For years, this square shelter made of concrete has been lying uncared for on the side of the Ennore Express Highway. It has been used as a makeshift urinal and toilet, it has been lived in by squatters, and from the numerous bottles found in it, has been used as a bar as well. But nobody can deny that this is an air-raid shelter left over from the World War II. Known affectionately as the pillbox, it has been around for quite a while. This is not an architectural landmark. But it is certainly a historic marker. It reminds us of a war from which our city actually benefited in a big way, never to look back thereafter.

Only now, it is squarely in the path of a proposed pipeline of Chennai Petrochemical Corporation. And efforts are on to demolish it. Last week the wreckers began hammering away at it when locals from the Kasimedu area gathered around asking the reason for the demolition. The Hindu was alerted and it carried a detailed story. That did the trick and work stopped, but not before some damage was done. But a whole plethora of questions have since emerged, all of which are indicative of a larger malaise in the way heritage is handled in our city.

Whom does the shelter/bunker belong to? The army has no records of its existence, or at least there is no one there who knows. The Archaeological Survey does not have anything to do with, it as it recognises only monuments that are classified as ancient. The Heritage Committee of the Chennai Metropolitan Development Authority says this is not within its jurisdiction as it has, in its blinkered fashion, decided to restrict its scope to just the 400 and odd buildings given to it by the High Court of Madras. And even there, it is doing precious little. The Corporation, to give it credit, is willing to organise a shifting of the shelter to somewhere else, provided some agency or private donor is willing to bear the cost. Of course, transferring this structure is no easy task as it weighs several hundred tonnes. Bureaucracy is unlikely to consider this matter top priority, but to the few who are concerned with the matter, the lack of proper documentation and ownership may prove a deterrent. In the absence of anyone coming forward, the bunker may have to go. Not that we protected it or maintained it well when it was standing undisturbed. What is also amazing is that not one person in officialdom had any idea about the history behind the structure. And they did not bother to find out as well.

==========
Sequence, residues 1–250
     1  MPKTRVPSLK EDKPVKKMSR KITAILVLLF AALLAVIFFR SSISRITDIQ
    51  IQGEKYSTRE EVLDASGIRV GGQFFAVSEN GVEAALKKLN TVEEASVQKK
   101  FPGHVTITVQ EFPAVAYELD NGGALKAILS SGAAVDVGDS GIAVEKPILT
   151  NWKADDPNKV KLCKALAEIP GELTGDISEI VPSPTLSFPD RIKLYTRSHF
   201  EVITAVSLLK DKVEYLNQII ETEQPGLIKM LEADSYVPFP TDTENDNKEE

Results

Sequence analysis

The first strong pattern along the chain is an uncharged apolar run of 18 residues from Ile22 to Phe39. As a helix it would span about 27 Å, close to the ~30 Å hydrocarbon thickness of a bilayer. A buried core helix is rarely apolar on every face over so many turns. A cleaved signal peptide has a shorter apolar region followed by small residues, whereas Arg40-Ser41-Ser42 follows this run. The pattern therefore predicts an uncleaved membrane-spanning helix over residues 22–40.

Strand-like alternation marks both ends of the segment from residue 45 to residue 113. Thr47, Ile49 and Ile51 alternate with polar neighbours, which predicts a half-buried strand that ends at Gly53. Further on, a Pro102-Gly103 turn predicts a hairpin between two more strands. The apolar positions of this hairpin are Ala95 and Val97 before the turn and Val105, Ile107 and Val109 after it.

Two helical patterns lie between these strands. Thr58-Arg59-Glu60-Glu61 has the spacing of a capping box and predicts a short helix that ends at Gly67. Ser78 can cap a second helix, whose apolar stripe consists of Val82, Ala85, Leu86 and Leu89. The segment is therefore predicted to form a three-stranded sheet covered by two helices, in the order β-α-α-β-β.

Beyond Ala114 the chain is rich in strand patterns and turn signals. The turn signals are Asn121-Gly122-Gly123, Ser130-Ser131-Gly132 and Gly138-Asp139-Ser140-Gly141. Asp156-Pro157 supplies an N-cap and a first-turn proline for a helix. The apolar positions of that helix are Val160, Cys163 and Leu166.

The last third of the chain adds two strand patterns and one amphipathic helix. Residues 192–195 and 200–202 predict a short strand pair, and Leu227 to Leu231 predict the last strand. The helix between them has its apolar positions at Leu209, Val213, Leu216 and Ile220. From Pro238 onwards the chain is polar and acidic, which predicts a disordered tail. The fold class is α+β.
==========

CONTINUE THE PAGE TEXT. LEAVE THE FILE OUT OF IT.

All of this raises larger questions. When the maintenance of even important public buildings is not adequate, what price the lesser-known landmarks of the city? Secondly, what is the process by which we can add structures to a list of historically important edifices in our city? If an Anna Nagar arch can be declared a heritage monument based on a Chief Minister’s whim and then protected, why can a World War II bunker not enjoy the same status? What protection do uncared for structures like this have against demolition or wanton damage?

Presently, officialdom has asked The Hindu to investigate the background of the pillbox. But is it not the onus of the Government to look into its records and see when this shelter was built? Work has been suspended for the nonce on demolition, but this is not likely to remain that way for long. Unless some details emerge quickly. But since this is a city where emulating Singapore is considered the best way, let us point out that such pillboxes and the World War II constructions are well protected there.

EDITOR’S NOTE: The Government Museum has plenty of space for locating this air raid shelter as a memory of World War II, just as the Fort Museum remembers the Great War with relics of the Emden’s shelling of the city and World War II with a bomb fragment from a raid by a solitary Japanese aircraft.

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